Exploring religious devotion in our own lives, it’s important for us to recognize that our devotion may bring clarity and a singularity of purpose to us, but that others may not share it. When we name it, when we act on it, it can be alienating to those who don’t share our passion. Thus, our devotion can set us apart, make us stand out, make us wonder: Why don’t others take this as seriously as I do? Our devotion can, in fact, lead us into isolation, into loneliness, and into disagreement. This is a basic reality of human communities. To live well with this reality, it is critical that we learn to accept that not everyone shares our passion—that we can invite others to join us, but we can’t force them; and that we are a stronger spiritual community when there is room for many passions: social justice, music, children, elders, learning, multigenerational community, visual arts, cooking, service, worship, leadership, finance, theology, administration, sustainable living, green energy, event planning, fundraising, caring, gardening, visiting, knitting. The more room for passionate devotion, the stronger we are.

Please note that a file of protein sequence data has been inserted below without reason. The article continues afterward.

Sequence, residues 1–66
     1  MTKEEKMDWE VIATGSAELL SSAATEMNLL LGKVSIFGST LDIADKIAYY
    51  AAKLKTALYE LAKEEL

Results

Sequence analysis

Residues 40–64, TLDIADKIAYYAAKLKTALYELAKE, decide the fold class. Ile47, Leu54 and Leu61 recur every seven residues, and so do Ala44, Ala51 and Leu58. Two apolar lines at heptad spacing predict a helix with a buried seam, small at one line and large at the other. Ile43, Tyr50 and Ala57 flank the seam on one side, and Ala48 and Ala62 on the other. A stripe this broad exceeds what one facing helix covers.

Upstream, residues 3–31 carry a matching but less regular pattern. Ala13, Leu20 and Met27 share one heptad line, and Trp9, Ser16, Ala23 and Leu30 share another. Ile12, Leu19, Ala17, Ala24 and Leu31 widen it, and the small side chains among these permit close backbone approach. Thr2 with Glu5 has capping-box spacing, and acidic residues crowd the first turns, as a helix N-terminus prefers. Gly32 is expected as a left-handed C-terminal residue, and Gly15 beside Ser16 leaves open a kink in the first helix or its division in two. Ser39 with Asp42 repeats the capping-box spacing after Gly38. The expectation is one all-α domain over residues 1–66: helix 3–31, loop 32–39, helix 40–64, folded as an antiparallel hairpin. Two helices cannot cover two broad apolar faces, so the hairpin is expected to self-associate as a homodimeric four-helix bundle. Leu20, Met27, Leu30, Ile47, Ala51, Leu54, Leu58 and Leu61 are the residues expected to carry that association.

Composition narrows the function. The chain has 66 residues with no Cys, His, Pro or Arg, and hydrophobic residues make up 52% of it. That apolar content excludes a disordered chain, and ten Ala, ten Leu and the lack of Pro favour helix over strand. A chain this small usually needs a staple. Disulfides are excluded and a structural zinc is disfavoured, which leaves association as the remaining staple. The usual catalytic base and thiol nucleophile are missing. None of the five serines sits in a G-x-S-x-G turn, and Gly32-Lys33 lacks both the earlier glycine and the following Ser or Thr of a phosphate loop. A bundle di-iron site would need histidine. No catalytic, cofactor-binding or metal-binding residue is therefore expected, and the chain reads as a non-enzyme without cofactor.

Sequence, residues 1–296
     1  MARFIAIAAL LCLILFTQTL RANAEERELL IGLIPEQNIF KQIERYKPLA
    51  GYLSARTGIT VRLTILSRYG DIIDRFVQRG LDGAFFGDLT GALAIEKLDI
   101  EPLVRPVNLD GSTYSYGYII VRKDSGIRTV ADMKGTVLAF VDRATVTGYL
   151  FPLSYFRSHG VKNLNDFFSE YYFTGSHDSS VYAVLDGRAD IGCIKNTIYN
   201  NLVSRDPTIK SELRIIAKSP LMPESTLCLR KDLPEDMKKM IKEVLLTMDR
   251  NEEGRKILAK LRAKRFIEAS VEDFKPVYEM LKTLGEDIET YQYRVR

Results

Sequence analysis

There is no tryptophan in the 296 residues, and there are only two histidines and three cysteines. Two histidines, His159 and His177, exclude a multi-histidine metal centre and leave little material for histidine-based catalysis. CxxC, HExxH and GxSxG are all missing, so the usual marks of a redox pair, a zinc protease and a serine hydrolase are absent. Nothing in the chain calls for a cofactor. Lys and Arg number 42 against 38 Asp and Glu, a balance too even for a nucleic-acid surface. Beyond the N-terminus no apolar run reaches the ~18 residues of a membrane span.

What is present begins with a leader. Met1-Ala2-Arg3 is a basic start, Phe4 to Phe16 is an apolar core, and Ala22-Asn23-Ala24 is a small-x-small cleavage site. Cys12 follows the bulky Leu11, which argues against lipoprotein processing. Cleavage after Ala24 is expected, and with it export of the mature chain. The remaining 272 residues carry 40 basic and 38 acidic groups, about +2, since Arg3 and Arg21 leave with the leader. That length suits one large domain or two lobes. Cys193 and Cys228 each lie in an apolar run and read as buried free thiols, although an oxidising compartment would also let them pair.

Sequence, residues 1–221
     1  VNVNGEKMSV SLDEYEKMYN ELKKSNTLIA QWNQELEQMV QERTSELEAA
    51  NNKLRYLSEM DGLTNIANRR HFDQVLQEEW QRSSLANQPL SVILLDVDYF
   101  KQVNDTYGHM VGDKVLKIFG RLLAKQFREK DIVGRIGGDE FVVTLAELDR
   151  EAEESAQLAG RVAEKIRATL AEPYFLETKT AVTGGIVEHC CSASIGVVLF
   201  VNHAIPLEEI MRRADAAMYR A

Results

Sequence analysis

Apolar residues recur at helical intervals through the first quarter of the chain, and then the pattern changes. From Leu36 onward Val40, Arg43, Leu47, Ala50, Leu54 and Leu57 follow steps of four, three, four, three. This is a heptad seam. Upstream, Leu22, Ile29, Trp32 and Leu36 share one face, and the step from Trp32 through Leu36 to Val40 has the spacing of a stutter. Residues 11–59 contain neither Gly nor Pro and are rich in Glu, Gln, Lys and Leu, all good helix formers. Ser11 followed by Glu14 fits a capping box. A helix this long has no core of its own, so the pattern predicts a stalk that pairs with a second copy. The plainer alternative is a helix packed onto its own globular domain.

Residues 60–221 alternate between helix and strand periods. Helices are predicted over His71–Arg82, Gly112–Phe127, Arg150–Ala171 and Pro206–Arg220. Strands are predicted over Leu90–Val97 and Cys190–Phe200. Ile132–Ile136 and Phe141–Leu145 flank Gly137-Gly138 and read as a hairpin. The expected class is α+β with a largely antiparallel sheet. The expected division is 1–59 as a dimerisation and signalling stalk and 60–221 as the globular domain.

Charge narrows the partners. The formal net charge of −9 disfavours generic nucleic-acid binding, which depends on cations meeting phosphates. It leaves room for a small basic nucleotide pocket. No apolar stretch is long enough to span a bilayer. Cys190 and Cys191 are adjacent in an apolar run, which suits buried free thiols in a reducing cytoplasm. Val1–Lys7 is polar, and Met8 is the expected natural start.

A further caution: religious devotion can become overbearing and downright dangerous. In more mild terms I’m referring to door-to-door evangelists, to proselytizers who seem unable to respect the existence of other faiths. We often experience them as spiritually tone-deaf, as pious and pushy, though I admire the courage of those who knock on endless doors only to be met with a polite no thank you at best, and derision at worst. In more extreme terms we know some who are deeply devoted are easily manipulated. When given a reason to fear some enemy, some infidel, some non-believer, some other, the devoted can be convinced to commit acts of violence or terrorism. So many perpetrators of religious violence believe they are acting out of devotion to God, believe they fulfilling God’s will for them. Devotion can and does go horribly wrong. If we bristle at the word, it is understandable.